Chalara fraxinea is an invasive pathogen in France
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Decline induced by Chalara fraxinea is an emerging disease that severely affects ash stands in Europe. The disease appears to have an invasive spread from East to West of Europe in the last decade. The teleomorphic stage, Hymenoscyphus pseudoalbidus, that occurs as apothecia on ash rachis in the litter was recently described. The origin of ash decline remains unclear as a cryptic species, H. albidus, a long-established fungus in Europe, could be present in the same niche, and as in Switzerland, H. pseudoalbidus was shown to have been present long before the recent epidemic outbreak. In France, the emerging disease is very recent and clearly restrained to Northeastern France. We thus collected isolates from infected hosts and from apothecia/ash rachis both inside and outside the infected area in France in order to compare them on the basis of pathogenicity towards ash seedlings and sequences of the ITS regions and of three single-copy genes. We showed that two population types exhibiting about 2% base pair polymorphism in the sequences analysed were present in Northern France. The first type, corresponding to H. pseudoalbidus, was present on rachis and infected hosts only in Northeastern France and showed strong pathogenicity towards ash seedlings in inoculation tests. By contrast, the second type, which corresponds to H. albidus, was present throughout Northern France and showed no pathogenicity towards ash seedlings. Our study confirms the results of Queloz et al. (2010) who presented molecular evidences for the existence of two cryptic species, H. albidus and H. pseudoalbidus. The results strongly suggest that Chalara fraxinea/H. pseudoalbidus is a recent invader in France.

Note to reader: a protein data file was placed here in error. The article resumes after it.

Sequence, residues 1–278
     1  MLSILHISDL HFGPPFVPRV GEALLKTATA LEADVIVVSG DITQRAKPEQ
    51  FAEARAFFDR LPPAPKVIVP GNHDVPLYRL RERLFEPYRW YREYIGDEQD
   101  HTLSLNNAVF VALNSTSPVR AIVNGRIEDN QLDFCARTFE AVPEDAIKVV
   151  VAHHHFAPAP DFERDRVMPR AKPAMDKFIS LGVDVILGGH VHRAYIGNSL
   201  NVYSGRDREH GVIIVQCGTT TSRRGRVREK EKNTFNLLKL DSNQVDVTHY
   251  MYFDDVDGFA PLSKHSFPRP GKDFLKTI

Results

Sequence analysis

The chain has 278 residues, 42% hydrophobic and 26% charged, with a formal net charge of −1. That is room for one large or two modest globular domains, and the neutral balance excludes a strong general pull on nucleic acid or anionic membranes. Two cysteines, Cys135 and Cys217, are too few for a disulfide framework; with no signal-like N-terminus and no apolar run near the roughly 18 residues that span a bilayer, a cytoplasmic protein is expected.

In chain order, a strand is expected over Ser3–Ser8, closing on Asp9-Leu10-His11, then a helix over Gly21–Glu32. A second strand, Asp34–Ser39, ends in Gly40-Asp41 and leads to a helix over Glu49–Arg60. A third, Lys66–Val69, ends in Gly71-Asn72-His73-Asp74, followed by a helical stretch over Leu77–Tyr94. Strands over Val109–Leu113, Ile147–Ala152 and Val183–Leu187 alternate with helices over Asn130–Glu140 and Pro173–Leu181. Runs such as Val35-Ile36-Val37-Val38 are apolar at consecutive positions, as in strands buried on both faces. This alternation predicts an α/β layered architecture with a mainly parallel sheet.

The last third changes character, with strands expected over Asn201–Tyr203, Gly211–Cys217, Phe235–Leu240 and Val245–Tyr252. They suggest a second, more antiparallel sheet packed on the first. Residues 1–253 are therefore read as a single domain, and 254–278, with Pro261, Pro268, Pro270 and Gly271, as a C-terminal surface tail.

KeywordsAsh Emerging disease Hymenoscyphus Pathogenicity Single-copy genes Real-time PCR
We are grateful to Anne Derycke (DSF), Michel Hairaud, Rémy Péan and Jean Pierre Dechaume who indicated us sites with presence of H. albidus in Western and Central France. We would like to thank Jean-Philippe Rioult, from the Caen Herbarium (CN)-Université de Caen Basse-Normandie (UCBN) for the historical herbarium type specimens of H. albidus and Tadeusz Kowalski who provided isolates from Poland. This work greatly depended on the technical assistance of Jocelyn Gueny. We also thank Agathe Vialle (Canadian Forest Service, Quebec) for sharing a DNA extraction method for herbarium samples, and the Département de la Santé des Forêts for the maps of H. pseudoalbidus presence in France. This study was supported by grants from the Département de la Santé des Forêts and the Agence Nationale de la Recherche, contract number ANR 07-BDIV-003 (Emerfundis project).
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